First Advisor

Marek A. Perkowski

Date of Publication


Document Type


Degree Name

Doctor of Philosophy (Ph.D.) in Electrical and Computer Engineering


Electrical Engineering




Spectral theory (Mathematics), Boolean Algebra, Many-valued logic



Physical Description

4, xi, 155 leaves: ill. 28 cm.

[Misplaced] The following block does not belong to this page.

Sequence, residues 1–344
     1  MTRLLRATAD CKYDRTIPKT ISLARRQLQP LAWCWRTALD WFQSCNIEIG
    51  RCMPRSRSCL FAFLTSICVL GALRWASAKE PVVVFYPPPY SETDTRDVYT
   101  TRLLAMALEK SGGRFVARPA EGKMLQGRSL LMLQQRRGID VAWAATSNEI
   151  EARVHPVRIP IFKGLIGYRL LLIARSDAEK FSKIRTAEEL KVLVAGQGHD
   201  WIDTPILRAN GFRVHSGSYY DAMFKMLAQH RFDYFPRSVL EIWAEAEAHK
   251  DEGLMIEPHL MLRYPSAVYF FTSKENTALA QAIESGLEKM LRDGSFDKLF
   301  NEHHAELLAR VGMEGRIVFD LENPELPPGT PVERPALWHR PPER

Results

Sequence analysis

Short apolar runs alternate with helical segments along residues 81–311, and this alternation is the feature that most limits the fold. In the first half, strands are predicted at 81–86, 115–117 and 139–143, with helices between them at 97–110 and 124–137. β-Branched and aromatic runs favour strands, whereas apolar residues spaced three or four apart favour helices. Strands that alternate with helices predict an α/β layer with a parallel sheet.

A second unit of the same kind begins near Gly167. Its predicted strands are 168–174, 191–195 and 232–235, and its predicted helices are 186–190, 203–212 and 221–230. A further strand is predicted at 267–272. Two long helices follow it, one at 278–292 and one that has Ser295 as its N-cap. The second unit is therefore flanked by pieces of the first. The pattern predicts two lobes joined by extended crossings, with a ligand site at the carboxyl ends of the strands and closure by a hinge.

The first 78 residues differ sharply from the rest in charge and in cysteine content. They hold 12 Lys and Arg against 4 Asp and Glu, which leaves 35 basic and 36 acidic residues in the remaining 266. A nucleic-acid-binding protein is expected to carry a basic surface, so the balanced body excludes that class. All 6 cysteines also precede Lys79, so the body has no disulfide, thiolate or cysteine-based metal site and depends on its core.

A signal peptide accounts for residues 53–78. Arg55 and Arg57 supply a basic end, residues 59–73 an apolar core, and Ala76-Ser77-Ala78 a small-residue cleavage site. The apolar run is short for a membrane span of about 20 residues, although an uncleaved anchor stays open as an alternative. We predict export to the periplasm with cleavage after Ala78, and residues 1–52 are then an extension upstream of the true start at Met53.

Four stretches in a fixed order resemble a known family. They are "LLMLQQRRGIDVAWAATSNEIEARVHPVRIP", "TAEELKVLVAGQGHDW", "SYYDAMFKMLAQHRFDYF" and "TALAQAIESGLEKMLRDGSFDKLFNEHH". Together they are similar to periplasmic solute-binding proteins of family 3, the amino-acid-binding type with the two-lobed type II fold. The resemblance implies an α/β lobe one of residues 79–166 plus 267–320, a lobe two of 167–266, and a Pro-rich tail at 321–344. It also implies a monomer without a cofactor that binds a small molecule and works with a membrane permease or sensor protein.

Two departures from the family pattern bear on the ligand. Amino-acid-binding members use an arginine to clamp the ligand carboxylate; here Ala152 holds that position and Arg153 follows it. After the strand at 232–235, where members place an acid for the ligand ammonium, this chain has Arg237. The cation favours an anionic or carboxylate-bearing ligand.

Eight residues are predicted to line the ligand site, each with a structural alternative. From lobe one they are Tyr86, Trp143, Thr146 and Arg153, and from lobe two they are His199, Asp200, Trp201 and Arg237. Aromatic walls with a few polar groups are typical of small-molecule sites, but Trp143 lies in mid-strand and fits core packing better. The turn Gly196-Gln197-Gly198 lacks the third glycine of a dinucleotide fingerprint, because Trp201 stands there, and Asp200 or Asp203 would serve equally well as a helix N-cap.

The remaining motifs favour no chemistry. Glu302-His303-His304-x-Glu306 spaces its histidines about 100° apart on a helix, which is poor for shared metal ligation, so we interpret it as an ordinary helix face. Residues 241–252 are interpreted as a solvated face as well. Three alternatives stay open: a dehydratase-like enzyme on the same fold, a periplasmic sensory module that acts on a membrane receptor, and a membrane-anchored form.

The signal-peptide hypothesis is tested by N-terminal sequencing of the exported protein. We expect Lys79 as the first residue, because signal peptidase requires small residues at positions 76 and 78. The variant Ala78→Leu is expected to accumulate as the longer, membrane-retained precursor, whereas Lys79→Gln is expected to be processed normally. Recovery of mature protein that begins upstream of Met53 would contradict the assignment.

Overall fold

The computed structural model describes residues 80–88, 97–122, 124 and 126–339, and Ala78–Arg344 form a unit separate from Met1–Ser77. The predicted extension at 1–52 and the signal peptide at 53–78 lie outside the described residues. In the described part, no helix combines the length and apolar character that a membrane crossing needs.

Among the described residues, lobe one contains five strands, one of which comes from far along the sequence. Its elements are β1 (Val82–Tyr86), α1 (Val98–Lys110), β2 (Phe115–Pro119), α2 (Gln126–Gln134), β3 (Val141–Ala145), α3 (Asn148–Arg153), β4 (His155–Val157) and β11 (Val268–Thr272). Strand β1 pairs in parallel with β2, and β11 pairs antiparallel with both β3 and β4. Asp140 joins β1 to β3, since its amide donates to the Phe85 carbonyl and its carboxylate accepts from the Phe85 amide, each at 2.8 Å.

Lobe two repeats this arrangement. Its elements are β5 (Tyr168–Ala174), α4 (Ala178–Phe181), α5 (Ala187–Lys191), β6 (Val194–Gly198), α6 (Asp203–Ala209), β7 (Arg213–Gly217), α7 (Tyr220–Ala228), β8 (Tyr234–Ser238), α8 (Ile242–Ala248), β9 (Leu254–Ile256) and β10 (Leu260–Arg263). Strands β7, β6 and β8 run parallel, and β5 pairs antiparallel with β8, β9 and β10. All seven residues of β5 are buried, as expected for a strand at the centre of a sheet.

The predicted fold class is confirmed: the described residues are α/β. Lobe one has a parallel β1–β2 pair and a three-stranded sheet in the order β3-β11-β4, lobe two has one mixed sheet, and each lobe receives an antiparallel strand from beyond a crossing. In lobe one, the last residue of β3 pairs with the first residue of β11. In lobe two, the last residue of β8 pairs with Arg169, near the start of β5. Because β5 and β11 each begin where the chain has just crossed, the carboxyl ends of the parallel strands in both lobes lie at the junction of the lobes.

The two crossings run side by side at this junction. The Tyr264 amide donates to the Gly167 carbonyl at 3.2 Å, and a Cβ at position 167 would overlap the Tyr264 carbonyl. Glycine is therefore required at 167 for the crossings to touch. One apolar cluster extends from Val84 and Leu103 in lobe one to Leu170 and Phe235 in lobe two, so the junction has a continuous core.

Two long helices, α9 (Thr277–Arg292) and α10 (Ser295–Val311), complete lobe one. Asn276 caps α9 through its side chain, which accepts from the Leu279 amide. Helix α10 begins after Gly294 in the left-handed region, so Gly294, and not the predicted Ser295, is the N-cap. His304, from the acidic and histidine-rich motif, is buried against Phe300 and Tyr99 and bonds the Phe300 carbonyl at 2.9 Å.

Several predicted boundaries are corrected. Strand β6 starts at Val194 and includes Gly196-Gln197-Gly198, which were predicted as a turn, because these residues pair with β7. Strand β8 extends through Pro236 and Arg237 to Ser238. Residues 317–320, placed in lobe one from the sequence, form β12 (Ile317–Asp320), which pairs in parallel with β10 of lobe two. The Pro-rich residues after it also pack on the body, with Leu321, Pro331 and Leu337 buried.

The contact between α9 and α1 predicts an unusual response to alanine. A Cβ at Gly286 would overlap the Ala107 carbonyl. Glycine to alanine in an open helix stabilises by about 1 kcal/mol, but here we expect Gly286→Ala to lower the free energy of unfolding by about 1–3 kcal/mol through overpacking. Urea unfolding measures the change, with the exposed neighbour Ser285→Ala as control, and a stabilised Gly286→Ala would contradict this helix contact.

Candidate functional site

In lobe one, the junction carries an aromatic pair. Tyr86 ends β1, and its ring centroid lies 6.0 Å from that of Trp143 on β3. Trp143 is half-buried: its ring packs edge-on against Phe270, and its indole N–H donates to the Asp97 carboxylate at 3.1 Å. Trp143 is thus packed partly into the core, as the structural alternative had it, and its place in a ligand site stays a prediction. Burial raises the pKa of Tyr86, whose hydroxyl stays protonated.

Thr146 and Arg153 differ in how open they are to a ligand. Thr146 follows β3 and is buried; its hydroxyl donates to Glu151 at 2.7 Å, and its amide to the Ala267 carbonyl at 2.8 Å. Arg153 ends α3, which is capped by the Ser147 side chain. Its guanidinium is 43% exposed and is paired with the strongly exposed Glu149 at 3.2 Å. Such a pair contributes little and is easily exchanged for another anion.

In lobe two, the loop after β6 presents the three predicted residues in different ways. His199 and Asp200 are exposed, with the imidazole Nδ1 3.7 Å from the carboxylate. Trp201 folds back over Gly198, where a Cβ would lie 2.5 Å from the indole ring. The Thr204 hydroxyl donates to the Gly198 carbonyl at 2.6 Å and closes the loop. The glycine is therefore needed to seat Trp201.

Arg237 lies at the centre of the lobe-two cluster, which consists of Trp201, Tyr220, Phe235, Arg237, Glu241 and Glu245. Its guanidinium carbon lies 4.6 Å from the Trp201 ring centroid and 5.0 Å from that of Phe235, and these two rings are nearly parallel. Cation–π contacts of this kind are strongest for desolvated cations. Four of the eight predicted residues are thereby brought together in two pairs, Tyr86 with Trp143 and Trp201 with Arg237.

Spectral techniques in digital logic design have been known for more than thirty years. They have been used for Boolean function classification, disjoint decomposition, parallel and serial linear decomposition, spectral translation synthesis (extraction of linear pre- and post-filters), multiplexer synthesis, prime implicant extraction by spectral summation, threshold logic synthesis, estimation of logic complexity, testing, and state assignment. This dissertation resolves many important issues concerning the efficient application of spectral methods used in the computer-aided design of digital circuits. The main obstacles in these applications were, up to now, memory requirements for computer systems and lack of the possibility of calculating spectra directly from Boolean equations. By using the algorithms presented here these obstacles have been overcome. Moreover, the methods presented in this dissertation can be regarded as representatives of a whole family of methods and the approach presented can be easily adapted to other orthogonal transforms used in digital logic design. Algorithms are shown for Adding, Arithmetic, and Reed-Muller transforms. However, the main focus of this dissertation is on the efficient computer calculation of Rademacher-Walsh spectra of Boolean functions, since this particular ordering of Walsh transforms is most frequently used in digital logic design. A theory has been developed to calculate the Rademacher-Walsh transform from a cube array specification of incompletely specified Boolean functions. The importance of representing Boolean functions as arrays of disjoint ON- and DC- cubes has been pointed out, and an efficient new algorithm to generate disjoint cubes from non-disjoint ones has been designed. The transform algorithm makes use of the properties of an array of disjoint cubes and allows the determination of the spectral coefficients in an independent way. By such an approach each spectral coefficient can be calculated separately or all the coefficients can be calculated in parallel. These advantages are absent in the existing methods. The possibility of calculating only some coefficients is very important since there are many spectral methods in digital logic design for which the values of only a few selected coefficients are needed. Most of the current methods used in the spectral domain deal only with completely specified Boolean functions. On the other hand, all of the algorithms introduced here are valid, not only for completely specified Boolean functions, but for functions with don't cares. Don't care minterms are simply represented in the form of disjoint cubes. The links between spectral and classical methods used for designing digital circuits are described. The real meaning of spectral coefficients from Walsh and other orthogonal spectra in classical logic terms is shown. The relations presented here can be used for the calculation of different transforms. The methods are based on direct manipulations on Karnaugh maps. The conversion start with Karnaugh maps and generate the spectral coefficients. The spectral representation of multiple-valued input binary functions is proposed here for the first time. Such a representation is composed of a vector of Walsh transforms each vector is defined for one pair of the input variables of the function. The new representation has the advantage of being real-valued, thus having an easy interpretation. Since two types of codings of values of binary functions are used, two different spectra are introduced. The meaning of each spectral coefficient in classical logic terms is discussed. The mathematical relationships between the number of true, false, and don't care minterms and spectral coefficients are stated. These relationships can be used to calculate the spectral coefficients directly from the graphical representations of binary functions. Similarly to the spectral methods in classical logic design, the new spectral representation of binary functions can find applications in many problems of analysis, synthesis, and testing of circuits described by such functions. A new algorithm is shown that converts the disjoint cube representation of Boolean functions into fixed-polarity Generalized Reed-Muller Expansions (GRME). Since the known fast algorithm that generates the GRME, based on the factorization of the Reed-Muller transform matrix, always starts from the truth table (minterms) of a Boolean function, then the described method has advantages due to a smaller required computer memory. Moreover, for Boolean functions, described by only a few disjoint cubes, the method is much more efficient than the fast algorithm. By investigating a family of elementary second order matrices, new transforms of real vectors are introduced. When used for Boolean function transformations, these transforms are one-to-one mappings in a binary or ternary vector space. The concept of different polarities of the Arithmetic and Adding transforms has been introduced. New operations on matrices: horizontal, vertical, and vertical-horizontal joints (concatenations) are introduced. All previously known transforms, and those introduced in this dissertation can be characterized by two features: "ordering" and "polarity". When a transform exists for all possible polarities then it is said to be "generalized". For all of the transforms discussed, procedures are given for generalizing and defining for different orderings. The meaning of each spectral coefficient for a given transform is also presented in terms of standard logic gates. There exist six commonly used orderings of Walsh transforms: Hadamard, Rademacher, Kaczmarz, Paley, Cal-Sal, and X. By investigating the ways in which these known orderings are generated the author noticed that the same operations can be used to create some new orderings. The generation of two new Walsh transforms in Gray code orderings, from the straight binary code is shown. A recursive algorithm for the Gray code ordered Walsh transform is based on the new operator introduced in this presentation under the name of the "bi-symmetrical pseudo Kronecker product". The recursive algorithm is the basis for the flow diagram of a constant geometry fast Walsh transform in Gray code ordering. The algorithm is fast (N 10g2N additions/subtractions), computer efficient, and is implemented